Laird Malamed: And I would make developers more encouraged to make content...
Nate Mitchell: That's the biggest thing. There's so much more content available because there's multiple platforms.
Laird Malamed: There really is room for competition. Now that being said, do I also stay up at night thinking how are we going to stay a viable company that we all want to work for? Of course, and the only way we can do that is by continuing to iterate, hire the best people, put the best product out on the market. And we're super happy to compete on quality.
"If someone like Sony and Microsoft decided to get into the game we don't think they're going to be able to catch up to the stuff that we're working on internally"
Q: Finally, what would be your dream game for the Rift?
Palmer Luckey: It's hard to say what the ultimate thing would be but I think it would be some kind of massively multiplayer online game that allowed people to interact with each other online, the same way that they interact in real life.
Because we do so much interaction online through things like Facebook or Twitter, and those are really kind of broken shadows of real life interaction. There's a reason we use those mediums to organise real life meetups. But what if you could have all of the flexibility, and the ability to lie about who you really are that you get with online communications, and combine that with the subtlety and nuance that you get from real life interaction? That would be really powerful, to see how that plays out. But we're a way from that, but even if we could just nail that one part, that'd be a huge step forward.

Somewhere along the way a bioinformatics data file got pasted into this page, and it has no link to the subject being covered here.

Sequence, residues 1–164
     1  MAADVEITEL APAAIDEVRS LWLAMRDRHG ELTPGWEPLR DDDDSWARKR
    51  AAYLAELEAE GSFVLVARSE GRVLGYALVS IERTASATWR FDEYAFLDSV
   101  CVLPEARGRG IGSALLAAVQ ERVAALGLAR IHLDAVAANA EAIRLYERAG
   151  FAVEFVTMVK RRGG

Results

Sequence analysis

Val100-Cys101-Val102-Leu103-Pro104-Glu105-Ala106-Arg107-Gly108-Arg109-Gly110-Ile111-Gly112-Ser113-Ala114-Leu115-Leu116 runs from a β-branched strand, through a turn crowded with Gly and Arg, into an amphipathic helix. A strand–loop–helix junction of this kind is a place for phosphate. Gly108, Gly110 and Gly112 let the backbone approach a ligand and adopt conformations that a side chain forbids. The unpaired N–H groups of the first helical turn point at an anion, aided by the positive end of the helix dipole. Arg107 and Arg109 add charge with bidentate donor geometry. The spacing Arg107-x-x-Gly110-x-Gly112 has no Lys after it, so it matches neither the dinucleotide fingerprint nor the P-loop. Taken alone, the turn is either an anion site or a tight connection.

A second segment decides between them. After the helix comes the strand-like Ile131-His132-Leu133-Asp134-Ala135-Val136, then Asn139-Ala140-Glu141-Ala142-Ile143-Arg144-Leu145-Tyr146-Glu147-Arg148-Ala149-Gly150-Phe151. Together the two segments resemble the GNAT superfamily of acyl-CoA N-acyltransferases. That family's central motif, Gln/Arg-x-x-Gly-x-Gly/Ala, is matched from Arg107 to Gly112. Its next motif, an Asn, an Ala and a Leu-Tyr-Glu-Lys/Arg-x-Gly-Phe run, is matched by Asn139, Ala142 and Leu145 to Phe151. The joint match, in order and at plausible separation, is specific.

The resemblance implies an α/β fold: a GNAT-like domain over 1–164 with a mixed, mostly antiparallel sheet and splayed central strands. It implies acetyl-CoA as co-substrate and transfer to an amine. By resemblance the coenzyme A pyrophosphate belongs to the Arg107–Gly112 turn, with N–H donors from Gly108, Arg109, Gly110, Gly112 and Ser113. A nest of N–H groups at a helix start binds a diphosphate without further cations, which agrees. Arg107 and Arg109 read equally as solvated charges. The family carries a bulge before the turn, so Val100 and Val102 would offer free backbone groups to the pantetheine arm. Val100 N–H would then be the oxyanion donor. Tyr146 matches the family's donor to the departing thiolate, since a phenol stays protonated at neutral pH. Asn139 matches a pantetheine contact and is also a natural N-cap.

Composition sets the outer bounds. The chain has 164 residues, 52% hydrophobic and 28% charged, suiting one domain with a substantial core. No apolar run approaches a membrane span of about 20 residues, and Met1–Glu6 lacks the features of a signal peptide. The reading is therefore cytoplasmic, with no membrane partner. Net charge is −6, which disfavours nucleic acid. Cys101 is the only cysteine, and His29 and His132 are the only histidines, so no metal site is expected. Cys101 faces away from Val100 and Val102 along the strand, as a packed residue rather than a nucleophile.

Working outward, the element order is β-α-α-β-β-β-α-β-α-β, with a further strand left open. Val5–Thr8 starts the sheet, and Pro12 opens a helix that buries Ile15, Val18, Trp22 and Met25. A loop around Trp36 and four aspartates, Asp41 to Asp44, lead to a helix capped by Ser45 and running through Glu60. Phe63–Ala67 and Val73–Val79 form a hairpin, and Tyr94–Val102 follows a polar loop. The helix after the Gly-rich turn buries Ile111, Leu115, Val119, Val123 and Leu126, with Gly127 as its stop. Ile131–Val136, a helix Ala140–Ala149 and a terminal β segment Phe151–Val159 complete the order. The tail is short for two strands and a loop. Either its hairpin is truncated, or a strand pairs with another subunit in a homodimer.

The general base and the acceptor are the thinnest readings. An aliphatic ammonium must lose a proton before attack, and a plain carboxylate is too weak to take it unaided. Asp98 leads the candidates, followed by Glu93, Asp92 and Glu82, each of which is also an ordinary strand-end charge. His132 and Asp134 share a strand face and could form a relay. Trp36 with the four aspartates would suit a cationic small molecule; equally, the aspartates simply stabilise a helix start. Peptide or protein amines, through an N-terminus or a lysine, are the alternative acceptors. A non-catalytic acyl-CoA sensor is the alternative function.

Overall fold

Nate Mitchell: I'm excited to see all the experiences that come out of VR Jam, because like we keep saying, so much of virtual reality is unexplored territory. Some of the stuff I'm not even sure what it is that I want to see yet, some of the genres. There was a game recently called The Trial of the Rift Drifter. It's a stationary game and you're on trial with these alien life forms, it's supposed to be taken from a Twilight Zone episode. You're supposed to be on trial and you respond to it by shaking your head or nodding your head. There are things happening on the periphery but if you look away the judges will yell at you. Those storytelling and narrative experiences in VR I think are super fascinating.
Laird Malamed: My mom's a historian and I love history, so the ability to not just go and see history - it doesn't even have to be super realistic because I worry a little bit about the uncanny valley - but actual being an agent in history and reliving or changing or seeing what happens if you were a key person in a key battle. I think that experience of place and timeshifting is something the Rift can do really well.
We want to be teleported. And maybe that's teleported to our best friend who lives 5000 miles away and sometimes that's teleported to a place that doesn't exist. And sometimes that's teleported to our yesterday for some reason, just to try it differently.